But it's a two-way street. The refugees have a lot to teach. They have lived through a revolutionary experience. Many of them have such good skills in organizing and working to defend their rights. So working together with refugees can be a really mutually beneficial experience for both the refugees and solidarity activists.

WHAT KIND of self-organization is there among the refugees?

I THINK it's very interesting how Syrians have taken their revolutionary experience into exile with them. They've experienced building new democratic structures from the bottom up. I have seen them drawing on this in camps and urban centers in Jordan, Lebanon and in the Kurdish region of Iraq.

There I met young people involved in really different campaigns: working on environmental hygiene; organizing campaigns against early marriage; working together to collect aid or medicines and distribute those the most vulnerable and needy parts of the refugee population. Young people in these desperate circumstances have even set up music groups, theater groups and art groups for children to help them cope with trauma. I find these kinds of initiatives really amazing.

They have also brought a boldness usually not seen among refugees. Before, refugees used to sneak across borders at night. But now you see them marching in huge numbers across Europe, demanding their rights.

I spoke with somebody who'd been working in the refugee camp in Calais, France, known as "The Jungle." It has really disgraceful conditions for people living there. He told me that there are Syrians, Eritreans and Sudanese all trapped there.

Because of their revolutionary background, the Syrian refugees are the ones who are organizing all the others to campaign for better conditions in the camp and fight for the right to go to the country of their choice in Europe. This is testimony to the fact that the revolutionary spirit continues to live among the refugees.

WHAT ORGANIZATIONS should be supported to help with the humanitarian crisis?

THERE ARE a lot of fantastic organizations often set up by expatriate Syrians. There are also many in Syria run by Syrians themselves. These organizations are very connected to the local community. They go into Syria regularly, take humanitarian supplies in, and run schools for displaced people and refugees.

They're often much closer to the local population than the international NGOs and are run by very committed activists. Some obviously are paid because they're working on this full time. Yet if you donate to them, a much larger percentage of the money goes directly to help Syrians.

In America, there are organizations like the Karam Foundation that have been doing wonderful educational work with Syrian refugees. There's also the Syrian American Medical Society, which continues to provide health services in Aleppo. These people take enormous risks to ensure that humanitarian relief is provided to the population. And they need much more support.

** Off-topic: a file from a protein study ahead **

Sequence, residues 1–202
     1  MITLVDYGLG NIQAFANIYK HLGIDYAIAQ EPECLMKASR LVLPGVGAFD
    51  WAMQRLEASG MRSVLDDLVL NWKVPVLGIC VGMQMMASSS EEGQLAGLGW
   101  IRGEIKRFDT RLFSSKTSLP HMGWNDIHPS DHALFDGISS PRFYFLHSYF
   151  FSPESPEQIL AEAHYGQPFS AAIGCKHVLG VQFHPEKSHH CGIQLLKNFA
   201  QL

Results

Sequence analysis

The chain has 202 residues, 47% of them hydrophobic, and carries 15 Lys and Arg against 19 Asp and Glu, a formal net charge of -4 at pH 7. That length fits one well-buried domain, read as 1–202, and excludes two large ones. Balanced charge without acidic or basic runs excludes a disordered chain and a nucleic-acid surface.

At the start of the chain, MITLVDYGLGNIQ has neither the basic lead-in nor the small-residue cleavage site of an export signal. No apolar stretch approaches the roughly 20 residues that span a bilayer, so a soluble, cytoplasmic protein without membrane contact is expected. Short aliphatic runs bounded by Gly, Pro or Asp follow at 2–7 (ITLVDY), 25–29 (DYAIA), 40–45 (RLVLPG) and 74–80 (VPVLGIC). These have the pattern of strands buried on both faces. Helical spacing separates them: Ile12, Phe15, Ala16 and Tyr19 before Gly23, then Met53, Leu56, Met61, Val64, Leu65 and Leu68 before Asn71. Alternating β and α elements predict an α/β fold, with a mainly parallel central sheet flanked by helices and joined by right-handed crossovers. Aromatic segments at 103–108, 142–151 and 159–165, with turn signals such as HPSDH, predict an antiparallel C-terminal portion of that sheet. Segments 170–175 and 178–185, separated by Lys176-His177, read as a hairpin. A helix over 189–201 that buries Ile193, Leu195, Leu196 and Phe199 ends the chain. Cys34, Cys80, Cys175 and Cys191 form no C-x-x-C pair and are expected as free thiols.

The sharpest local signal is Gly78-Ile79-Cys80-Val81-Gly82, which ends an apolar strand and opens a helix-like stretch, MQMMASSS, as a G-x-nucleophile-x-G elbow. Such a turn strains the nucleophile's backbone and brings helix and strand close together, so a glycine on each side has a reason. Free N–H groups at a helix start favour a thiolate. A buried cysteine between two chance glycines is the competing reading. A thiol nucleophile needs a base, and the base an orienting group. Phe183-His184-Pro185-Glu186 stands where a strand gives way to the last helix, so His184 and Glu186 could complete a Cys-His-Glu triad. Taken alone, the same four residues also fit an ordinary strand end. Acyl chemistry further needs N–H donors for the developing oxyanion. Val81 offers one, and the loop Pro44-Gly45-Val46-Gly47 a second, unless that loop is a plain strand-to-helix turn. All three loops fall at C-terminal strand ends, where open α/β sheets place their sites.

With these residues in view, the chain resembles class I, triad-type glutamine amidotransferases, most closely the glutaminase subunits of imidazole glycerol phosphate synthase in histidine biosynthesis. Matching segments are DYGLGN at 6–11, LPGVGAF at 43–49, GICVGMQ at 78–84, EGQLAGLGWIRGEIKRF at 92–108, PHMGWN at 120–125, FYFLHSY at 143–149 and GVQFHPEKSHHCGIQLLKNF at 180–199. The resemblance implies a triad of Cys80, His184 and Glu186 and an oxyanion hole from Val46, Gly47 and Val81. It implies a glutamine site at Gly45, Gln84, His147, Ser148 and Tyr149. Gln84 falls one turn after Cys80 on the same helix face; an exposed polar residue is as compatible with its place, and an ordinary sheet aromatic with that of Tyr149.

IN MANY ways, it looks like a kind of despairing moment, in which the forces of counterrevolution are so strong. Where are we at in the revolutionary process in Syria?

IT'S SUCH a difficult question to answer because so many states have intervened and distorted the revolutionary process. So a lot of what happens is now out of the hands of the Syrian people.

This makes me quite pessimistic, to be honest. I fear a deal will be forced on the Syrian people that will not be what the revolution has been fighting for over the last five years. This could possibly include an imperial carve-up of the country--a Sykes-Picot 2. It could include a deal to keep the regime in place in the interests of "stability."

At the same time, I am optimistic. I believe that something very fundamental has shifted among the masses of people not only in Syria, but also in the wider region since the Arab Spring. People have lived a revolutionary experience and have had access to new ideas and debates.

In Syria, people have lived freedom. They've lived the experience of self-organizing and self-managing their communities without the state, and there's been a massive explosion in culture and in artistic response coming out of the revolution.

We have a predominately young population, an entire generation of which has grown up in revolution. The hopes and dreams of that revolution are not just going to disappear. I don't think that the region's rulers will be able to re-impose the old security states across the Middle East. I don't think the population will accept the return of that old order.

But then we also have a generation that's grown up in war, that's grown up amid the horrors of torture, seeing their family members and loved ones killed, homes destroyed, and education being taken away. These experiences can drain people of hope.

I think, then, that the good and the bad aspects of the experience of revolution and counterrevolution will be competing against each other for a long time to come. But I do have a lot of hope that people will continue to struggle for the values that they've been fighting for over the past five years. It is hard to squelch the newfound spirit of revolt in the region.

Transcription by Andrea Hektor